It was easy to fall to fall in love with the Haitian people, especially the children. Having nothing, yet smiling and cheerful, they expressed gratitude for our meager efforts to serve them. There would be no American dream for them, not in a country where few people were literate and schools almost nonexistent. Life expectancy was a little more than a short forty-six years.

Arriving home, it was hard to erase the smells, the scenes, and the insurmountable needs we had experienced. I felt a sense of guilt over my own good lot in life. What could I or anyone do that would ever make a small dent in the suffering and needs of an impoverished world? 

Sometime later, I heard these wise words from the founder of World Vision, Bob Pierce: “Just because you can’t do everything doesn’t mean that you shouldn’t do something.” Now I knew the answer: Do something! God doesn’t bless us just for our own good. He has blessed us so that we can serve others in his name. Are you doing something?

Serving with you,

D. Scott Bjork
President & CEO

Matthew 25:40: "And the King will say, 'I tell you the truth, when you did it to one of the least of these my brothers and sisters, you were doing it to me!'"

Damaged Goods

This past fall, as I was driving to work on I-240, the traffic between South Parkway and the Union Avenue exit came to a screeching halt. I stopped, but the young lady behind me didn’t. With brakes squealing, her SUV slammed into my Chevrolet Malibu. The impact wrenched my hands off the steering wheel, my foot off the brakes, and I was thrust into the pickup truck in front of me. It only took a fraction of a second; fortunately, no one was hurt.

My car was another matter. The rear trunk was pushed in, the rear bumper twisted beyond recognition. Even the licence plate looked like Hulk Hogan had turned it into a pretzel. The front of my car was no better. The bumper, grill and hood assembly were all mangled. My beautiful car was now damaged goods.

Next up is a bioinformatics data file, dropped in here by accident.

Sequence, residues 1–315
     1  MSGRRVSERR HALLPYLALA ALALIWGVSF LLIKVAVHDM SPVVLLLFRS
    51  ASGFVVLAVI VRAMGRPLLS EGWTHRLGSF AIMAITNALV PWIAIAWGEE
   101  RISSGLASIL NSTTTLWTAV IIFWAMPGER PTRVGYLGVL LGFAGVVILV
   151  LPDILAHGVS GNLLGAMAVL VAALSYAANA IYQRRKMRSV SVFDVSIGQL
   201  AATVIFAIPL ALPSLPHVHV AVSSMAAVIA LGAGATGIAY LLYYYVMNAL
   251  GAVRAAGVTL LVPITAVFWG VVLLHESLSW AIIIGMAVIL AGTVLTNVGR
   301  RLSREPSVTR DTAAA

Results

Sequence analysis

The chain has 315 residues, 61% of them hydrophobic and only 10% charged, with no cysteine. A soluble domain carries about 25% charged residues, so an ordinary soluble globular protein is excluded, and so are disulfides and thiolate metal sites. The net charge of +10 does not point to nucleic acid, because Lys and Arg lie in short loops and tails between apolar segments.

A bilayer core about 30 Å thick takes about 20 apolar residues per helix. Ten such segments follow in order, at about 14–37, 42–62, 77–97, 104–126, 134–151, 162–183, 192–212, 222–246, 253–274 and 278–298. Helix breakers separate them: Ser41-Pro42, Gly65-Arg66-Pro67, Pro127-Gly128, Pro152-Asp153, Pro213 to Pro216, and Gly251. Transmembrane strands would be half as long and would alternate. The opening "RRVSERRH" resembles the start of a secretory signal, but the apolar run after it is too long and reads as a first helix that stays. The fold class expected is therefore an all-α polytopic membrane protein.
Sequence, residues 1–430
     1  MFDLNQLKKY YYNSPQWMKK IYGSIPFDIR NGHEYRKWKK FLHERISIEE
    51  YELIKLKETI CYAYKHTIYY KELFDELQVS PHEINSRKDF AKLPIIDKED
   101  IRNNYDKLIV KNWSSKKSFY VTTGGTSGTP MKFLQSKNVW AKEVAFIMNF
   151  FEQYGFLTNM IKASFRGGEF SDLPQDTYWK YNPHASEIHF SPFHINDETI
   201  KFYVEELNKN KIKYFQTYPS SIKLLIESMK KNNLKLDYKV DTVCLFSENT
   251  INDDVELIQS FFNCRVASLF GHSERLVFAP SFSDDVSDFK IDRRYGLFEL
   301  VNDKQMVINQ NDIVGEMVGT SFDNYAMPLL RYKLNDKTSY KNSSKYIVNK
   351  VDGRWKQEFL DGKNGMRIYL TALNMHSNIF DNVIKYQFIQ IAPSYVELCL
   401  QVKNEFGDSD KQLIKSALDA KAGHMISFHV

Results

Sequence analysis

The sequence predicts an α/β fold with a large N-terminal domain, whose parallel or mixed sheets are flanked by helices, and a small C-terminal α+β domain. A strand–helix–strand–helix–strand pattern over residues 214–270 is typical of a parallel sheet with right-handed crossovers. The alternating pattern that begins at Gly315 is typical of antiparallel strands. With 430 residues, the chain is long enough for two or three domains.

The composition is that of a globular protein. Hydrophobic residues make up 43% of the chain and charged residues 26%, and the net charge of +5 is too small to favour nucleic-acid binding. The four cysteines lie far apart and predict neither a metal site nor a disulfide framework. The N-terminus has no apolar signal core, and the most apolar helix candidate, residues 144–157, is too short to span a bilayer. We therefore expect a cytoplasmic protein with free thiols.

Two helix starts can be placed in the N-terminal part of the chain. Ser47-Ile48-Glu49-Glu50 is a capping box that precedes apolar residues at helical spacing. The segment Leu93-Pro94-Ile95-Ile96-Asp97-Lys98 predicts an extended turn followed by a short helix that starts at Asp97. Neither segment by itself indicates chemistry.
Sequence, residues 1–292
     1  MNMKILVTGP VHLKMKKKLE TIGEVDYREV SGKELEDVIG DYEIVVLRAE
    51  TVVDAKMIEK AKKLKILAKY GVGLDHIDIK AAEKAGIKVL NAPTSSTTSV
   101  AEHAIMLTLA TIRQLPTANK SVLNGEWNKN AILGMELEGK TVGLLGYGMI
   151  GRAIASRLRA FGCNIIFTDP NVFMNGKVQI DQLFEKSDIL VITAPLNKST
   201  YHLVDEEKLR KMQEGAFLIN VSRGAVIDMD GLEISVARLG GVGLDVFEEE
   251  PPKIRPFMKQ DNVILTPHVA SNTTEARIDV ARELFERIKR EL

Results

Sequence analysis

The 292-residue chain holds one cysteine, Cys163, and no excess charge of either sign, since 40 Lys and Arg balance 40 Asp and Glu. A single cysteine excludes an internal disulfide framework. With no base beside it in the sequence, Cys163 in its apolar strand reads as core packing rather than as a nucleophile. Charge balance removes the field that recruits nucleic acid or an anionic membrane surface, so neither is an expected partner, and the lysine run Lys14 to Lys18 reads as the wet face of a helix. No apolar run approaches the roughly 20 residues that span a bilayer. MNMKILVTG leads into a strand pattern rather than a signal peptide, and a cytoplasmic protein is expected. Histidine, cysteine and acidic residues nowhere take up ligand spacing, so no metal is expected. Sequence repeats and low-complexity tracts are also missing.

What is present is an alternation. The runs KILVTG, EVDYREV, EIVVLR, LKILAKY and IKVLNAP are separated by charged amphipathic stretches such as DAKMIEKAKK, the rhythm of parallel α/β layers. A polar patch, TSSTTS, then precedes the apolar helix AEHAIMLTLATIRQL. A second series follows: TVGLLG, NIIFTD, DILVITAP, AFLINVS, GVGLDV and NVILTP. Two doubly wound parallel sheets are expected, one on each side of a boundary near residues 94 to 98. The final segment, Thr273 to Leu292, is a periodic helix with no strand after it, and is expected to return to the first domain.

Sadly, many of the individuals we serve at Memphis Union Mission consider themselves damaged goods, too. Broken families, dysfunctional relationships, substance abuse, past felonies, lack of a high school diploma or GED may be the tip of the iceberg. Digging deeper often reveals their fear of success, shame, or even guilt. 

Fixing my car was not something that I had the knowledge, skill or ability to do. The wonderful folks at the Jim Keras Chevrolet body shop did, though. They worked with the insurance adjuster, took the damaged parts off, put new ones on, and matched the paint. When finished, my car looked like the day I drove it out of their showroom. My car was transformed from damaged goods to a car made whole again. 

When I bought my car I had no intention of becoming involved in an accident. And no one is born with the intention of become homeless someday, either. When I brought my car to the body shop I was treated with dignity and respect. No one looked down on me because I had been involved in an accident. Neither should we ever treat anyone coming through our doors with anything but decorum and with value.

Our goal is to serve our guests in such a way that they no longer see themselves as damaged goods, to help them become the men and women that God intended them to be. Hopefully, indistinguishable from you and me!

Serving with you,

D. Scott Bjork
President & CEO